Thursday, November 18, 2010

Gerome: The Charmer Seduces Himself

The Jean-Leon Gerome exhibit at the Getty last summer has already moved to Paris, but I stumbled upon a book review of the catalog in the LA Times "Beyond the Surfaces of a Glittering Imperialist." Jumping off from questions raised by essays in the catalog, Jorie Finkel asks two questions that struck my Orientalish vein : 1) Though Gerome's representations are limited by the social perspectives of his time and place, to what degree are charges against his images is drawn on assumptions and fantasies of the viewers themselves? And, 2) noting collectors of Gerome and other Orientalist artists in "orientalized" regions such as Turkey and Dubai, "Can a painting still be considered racist if members of the race depicted apparently take pride in it?" Or dancing? No answers here. Plenty of opinions and complexities. And what if the technique makes it aesthetically beautiful?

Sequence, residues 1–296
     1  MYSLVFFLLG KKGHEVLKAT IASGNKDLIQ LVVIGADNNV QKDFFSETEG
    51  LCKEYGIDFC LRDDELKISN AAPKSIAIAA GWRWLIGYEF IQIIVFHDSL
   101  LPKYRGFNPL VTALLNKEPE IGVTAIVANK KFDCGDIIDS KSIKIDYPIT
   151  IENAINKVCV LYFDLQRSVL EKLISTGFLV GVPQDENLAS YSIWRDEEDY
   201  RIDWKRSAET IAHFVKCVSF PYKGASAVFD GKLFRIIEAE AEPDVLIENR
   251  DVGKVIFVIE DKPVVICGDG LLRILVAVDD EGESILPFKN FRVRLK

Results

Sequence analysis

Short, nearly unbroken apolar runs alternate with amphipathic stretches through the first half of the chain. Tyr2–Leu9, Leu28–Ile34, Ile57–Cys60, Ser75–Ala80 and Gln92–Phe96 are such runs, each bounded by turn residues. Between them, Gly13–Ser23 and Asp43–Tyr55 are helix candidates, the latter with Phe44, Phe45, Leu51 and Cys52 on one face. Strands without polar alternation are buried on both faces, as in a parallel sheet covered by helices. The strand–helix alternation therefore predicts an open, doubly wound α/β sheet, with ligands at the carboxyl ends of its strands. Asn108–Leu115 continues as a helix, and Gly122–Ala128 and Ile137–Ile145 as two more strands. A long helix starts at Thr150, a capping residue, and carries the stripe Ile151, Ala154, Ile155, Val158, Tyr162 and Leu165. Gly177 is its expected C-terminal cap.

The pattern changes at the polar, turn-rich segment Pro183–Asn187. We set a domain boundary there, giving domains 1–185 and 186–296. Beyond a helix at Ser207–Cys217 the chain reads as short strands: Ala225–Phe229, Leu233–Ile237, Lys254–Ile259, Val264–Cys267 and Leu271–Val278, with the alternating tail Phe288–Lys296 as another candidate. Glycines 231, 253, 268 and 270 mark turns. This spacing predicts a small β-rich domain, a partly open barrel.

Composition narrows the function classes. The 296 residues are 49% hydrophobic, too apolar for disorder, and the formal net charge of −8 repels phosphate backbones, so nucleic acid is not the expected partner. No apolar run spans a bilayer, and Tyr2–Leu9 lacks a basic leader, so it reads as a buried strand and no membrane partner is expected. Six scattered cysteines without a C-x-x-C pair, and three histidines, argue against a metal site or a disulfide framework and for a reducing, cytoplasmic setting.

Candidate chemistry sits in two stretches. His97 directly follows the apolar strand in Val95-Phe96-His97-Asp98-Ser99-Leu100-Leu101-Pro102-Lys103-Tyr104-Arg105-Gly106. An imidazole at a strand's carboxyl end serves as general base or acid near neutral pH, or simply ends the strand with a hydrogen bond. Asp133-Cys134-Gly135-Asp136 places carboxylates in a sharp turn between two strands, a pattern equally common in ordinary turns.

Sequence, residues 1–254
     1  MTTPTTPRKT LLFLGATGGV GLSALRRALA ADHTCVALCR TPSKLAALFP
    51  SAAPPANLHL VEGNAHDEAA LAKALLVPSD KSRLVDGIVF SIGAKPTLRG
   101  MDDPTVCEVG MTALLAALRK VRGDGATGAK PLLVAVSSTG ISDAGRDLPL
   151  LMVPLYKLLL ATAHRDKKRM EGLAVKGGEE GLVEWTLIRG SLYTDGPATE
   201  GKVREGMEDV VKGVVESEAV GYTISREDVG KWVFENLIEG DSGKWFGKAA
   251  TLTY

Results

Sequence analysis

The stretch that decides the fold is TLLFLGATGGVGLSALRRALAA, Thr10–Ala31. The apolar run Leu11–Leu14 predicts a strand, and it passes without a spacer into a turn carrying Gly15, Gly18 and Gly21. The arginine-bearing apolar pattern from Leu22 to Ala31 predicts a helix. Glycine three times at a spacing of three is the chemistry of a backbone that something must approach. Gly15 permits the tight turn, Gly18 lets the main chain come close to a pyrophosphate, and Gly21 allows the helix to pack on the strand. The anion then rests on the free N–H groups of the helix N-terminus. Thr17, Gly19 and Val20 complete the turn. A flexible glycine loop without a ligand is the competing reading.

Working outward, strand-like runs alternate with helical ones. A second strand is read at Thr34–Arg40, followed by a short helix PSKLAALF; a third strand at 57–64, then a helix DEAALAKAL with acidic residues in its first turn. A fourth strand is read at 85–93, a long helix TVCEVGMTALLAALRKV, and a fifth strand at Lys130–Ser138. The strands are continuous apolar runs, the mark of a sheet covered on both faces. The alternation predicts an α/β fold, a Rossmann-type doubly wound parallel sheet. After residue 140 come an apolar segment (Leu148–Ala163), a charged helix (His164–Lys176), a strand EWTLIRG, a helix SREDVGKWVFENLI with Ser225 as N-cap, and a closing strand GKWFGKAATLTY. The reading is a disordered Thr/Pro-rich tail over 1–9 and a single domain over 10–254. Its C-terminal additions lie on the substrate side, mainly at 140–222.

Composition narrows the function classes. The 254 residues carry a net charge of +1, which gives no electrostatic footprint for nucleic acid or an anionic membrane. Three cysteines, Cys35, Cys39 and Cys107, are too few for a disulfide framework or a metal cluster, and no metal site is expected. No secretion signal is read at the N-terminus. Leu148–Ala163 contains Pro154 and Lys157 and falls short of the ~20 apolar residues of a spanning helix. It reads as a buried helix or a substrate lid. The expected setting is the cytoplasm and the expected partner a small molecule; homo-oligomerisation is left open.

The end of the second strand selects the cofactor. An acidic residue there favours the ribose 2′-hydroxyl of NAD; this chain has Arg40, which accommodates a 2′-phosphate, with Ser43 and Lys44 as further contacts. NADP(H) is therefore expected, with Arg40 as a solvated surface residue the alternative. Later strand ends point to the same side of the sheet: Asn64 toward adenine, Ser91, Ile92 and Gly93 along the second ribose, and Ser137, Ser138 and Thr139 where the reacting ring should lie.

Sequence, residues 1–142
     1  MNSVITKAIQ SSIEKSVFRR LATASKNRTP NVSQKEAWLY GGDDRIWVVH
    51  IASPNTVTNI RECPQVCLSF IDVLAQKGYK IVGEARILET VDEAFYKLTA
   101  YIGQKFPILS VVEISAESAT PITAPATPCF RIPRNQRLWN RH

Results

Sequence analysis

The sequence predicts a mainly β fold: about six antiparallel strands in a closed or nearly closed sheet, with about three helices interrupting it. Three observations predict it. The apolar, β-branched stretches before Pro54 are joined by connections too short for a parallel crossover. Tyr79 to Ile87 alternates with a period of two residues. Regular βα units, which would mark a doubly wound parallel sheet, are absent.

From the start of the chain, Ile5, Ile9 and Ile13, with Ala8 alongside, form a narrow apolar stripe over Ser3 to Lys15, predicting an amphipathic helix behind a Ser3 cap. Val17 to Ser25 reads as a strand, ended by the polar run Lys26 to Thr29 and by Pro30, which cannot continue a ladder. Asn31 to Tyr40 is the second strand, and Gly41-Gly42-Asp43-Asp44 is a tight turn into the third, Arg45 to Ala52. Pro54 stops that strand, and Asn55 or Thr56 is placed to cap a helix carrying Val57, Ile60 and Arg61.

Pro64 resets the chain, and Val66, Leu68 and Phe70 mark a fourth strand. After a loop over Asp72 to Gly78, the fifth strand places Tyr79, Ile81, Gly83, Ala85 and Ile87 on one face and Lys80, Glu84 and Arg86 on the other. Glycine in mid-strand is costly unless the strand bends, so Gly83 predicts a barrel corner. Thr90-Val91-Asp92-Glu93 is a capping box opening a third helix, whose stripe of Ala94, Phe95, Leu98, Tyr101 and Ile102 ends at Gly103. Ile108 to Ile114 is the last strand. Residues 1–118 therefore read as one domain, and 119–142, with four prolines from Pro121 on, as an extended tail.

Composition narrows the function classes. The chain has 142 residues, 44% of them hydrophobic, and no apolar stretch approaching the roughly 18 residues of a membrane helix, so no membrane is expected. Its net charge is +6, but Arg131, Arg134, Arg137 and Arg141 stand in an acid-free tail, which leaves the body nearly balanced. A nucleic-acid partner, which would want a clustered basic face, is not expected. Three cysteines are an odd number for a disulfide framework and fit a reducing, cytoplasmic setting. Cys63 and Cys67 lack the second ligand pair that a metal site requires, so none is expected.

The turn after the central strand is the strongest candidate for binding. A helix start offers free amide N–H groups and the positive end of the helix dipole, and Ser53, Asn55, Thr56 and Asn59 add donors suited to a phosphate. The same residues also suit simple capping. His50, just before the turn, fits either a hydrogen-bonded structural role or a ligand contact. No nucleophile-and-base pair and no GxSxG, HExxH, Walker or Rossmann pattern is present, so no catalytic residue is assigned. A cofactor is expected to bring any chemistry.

Also look at the comments for a considered reaction and a reference to one of the must-reads on Orientalist paintings, The Orientalists by Kristen Davies. The painting is Gerome's famous "Snake Charmer" that adorns Edward Said's seminal work Orientalism.

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